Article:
The World of Welding Symbols

As a welder, it’s important to understand the world of welding symbols for more independent work. Where do welding symbols show up and how do you read them? When you’re working on a project from a blueprint, welding symbols indicate what types of welds are required for the varying components involved in the job. They can also encompass the size of the weld, what preparation is necessary for the materials, and the desired depth, among other things. It’s important to study up and learn these symbols so you’re prepared to complete different types of work to ensure that your welds are sturdy and reliable.


First and foremost, we recommend that you find either a good welding symbol chart, a comprehensive welding symbol manual, or ideally, both. These references are immeasurable valuable to the working welder, who can flip to a helpful page when prepping for work or scan a chart briefly at the work site to make sure their materials have been correctly prepared.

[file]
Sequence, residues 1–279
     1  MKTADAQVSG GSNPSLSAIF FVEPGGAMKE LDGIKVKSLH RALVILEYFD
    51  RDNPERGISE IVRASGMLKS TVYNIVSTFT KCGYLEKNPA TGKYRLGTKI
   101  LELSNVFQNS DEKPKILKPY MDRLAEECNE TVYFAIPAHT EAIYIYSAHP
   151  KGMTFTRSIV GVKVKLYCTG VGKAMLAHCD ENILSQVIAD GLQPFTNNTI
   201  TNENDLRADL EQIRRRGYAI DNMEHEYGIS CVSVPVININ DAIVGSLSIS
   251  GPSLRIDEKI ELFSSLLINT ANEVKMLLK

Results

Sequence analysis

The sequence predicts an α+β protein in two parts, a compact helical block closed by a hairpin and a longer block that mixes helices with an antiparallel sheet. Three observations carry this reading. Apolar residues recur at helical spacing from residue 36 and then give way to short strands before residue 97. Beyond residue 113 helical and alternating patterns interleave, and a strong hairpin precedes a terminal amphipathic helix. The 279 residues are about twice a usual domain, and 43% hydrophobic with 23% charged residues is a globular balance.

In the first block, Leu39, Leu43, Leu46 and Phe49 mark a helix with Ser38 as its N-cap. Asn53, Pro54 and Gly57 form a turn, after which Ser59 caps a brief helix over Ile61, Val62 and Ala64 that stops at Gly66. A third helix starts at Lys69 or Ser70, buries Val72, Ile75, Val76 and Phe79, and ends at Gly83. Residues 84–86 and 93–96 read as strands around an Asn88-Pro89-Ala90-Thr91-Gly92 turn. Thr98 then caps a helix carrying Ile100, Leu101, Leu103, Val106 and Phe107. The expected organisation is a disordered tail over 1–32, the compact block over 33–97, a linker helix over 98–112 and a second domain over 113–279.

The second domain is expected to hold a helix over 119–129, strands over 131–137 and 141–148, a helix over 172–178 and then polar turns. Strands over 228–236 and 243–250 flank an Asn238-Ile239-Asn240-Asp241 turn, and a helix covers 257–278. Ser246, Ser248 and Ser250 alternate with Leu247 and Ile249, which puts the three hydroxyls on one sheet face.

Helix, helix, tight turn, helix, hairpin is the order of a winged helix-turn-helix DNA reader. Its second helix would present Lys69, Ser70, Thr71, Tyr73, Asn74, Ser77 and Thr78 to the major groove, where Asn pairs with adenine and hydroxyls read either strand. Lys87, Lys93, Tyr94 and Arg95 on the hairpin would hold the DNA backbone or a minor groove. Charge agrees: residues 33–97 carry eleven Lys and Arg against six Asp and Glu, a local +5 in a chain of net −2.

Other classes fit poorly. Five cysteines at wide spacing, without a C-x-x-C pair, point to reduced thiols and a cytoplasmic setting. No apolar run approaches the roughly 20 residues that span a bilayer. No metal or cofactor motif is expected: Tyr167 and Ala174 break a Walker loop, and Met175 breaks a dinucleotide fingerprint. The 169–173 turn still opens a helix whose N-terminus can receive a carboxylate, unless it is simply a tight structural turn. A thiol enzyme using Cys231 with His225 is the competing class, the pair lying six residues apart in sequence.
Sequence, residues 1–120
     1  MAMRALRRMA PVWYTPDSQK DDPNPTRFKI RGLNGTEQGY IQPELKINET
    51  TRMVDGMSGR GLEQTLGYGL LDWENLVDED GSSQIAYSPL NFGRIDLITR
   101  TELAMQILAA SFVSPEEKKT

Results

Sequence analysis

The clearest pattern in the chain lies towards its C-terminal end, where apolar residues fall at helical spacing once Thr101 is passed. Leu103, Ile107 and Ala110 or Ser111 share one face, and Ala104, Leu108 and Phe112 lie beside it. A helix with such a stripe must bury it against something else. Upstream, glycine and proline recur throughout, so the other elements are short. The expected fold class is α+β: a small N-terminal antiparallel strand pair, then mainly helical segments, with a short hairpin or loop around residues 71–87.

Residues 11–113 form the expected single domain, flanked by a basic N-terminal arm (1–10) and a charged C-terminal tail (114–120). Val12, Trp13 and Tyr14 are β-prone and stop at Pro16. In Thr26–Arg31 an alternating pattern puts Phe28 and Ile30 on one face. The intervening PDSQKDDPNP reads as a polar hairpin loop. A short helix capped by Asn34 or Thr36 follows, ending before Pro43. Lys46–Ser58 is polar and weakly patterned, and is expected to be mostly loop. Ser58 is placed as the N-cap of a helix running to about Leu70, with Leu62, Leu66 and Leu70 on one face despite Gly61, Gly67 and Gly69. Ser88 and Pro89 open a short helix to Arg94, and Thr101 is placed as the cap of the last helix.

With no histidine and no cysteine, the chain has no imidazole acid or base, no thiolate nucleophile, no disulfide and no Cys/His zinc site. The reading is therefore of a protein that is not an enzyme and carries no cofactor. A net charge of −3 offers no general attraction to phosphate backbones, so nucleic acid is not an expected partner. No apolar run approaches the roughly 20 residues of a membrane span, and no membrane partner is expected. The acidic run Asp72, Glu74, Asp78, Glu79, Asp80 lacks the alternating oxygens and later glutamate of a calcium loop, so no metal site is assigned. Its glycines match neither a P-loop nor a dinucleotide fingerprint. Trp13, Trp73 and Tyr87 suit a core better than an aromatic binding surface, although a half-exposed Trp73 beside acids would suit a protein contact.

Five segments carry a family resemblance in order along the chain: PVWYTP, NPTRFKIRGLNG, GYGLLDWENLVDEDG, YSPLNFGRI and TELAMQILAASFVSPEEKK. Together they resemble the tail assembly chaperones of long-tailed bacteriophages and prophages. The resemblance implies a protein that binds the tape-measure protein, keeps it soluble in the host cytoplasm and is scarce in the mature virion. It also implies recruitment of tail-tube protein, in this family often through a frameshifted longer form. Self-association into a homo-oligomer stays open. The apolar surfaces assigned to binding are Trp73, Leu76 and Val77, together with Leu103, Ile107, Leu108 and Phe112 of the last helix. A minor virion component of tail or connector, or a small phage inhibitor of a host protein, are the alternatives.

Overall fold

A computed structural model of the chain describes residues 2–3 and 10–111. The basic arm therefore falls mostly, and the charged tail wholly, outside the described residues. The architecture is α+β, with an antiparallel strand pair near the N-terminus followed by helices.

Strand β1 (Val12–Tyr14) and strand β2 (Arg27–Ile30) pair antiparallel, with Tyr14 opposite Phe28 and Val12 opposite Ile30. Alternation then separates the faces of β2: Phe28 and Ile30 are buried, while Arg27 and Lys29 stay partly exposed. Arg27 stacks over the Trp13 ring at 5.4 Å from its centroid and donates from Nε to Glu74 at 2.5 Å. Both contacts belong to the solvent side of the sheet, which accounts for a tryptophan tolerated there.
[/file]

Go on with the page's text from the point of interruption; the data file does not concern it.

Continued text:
Welding symbols are a language in and of themselves. As a result, there are some specific rules to follow. Welding symbols are always read from left to right, so keep this in mind in order to manage the steps of each weld properly. A horizontal line, known as the reference line, and a directional line, known as the arrow line, show up in welding symbols to indicate the placement of the weld and the necessary information for the type of weld required. An exhaustive library of symbols communicate the variety of welds (from grooves to fillet, plug, slot, and more).

Are you interested in learning more about how to read welding symbols? We can help! The staff at Sydney Lee Welding Supply is a great resource to aspiring welders and we’d love to help you learn more about this important communication tool!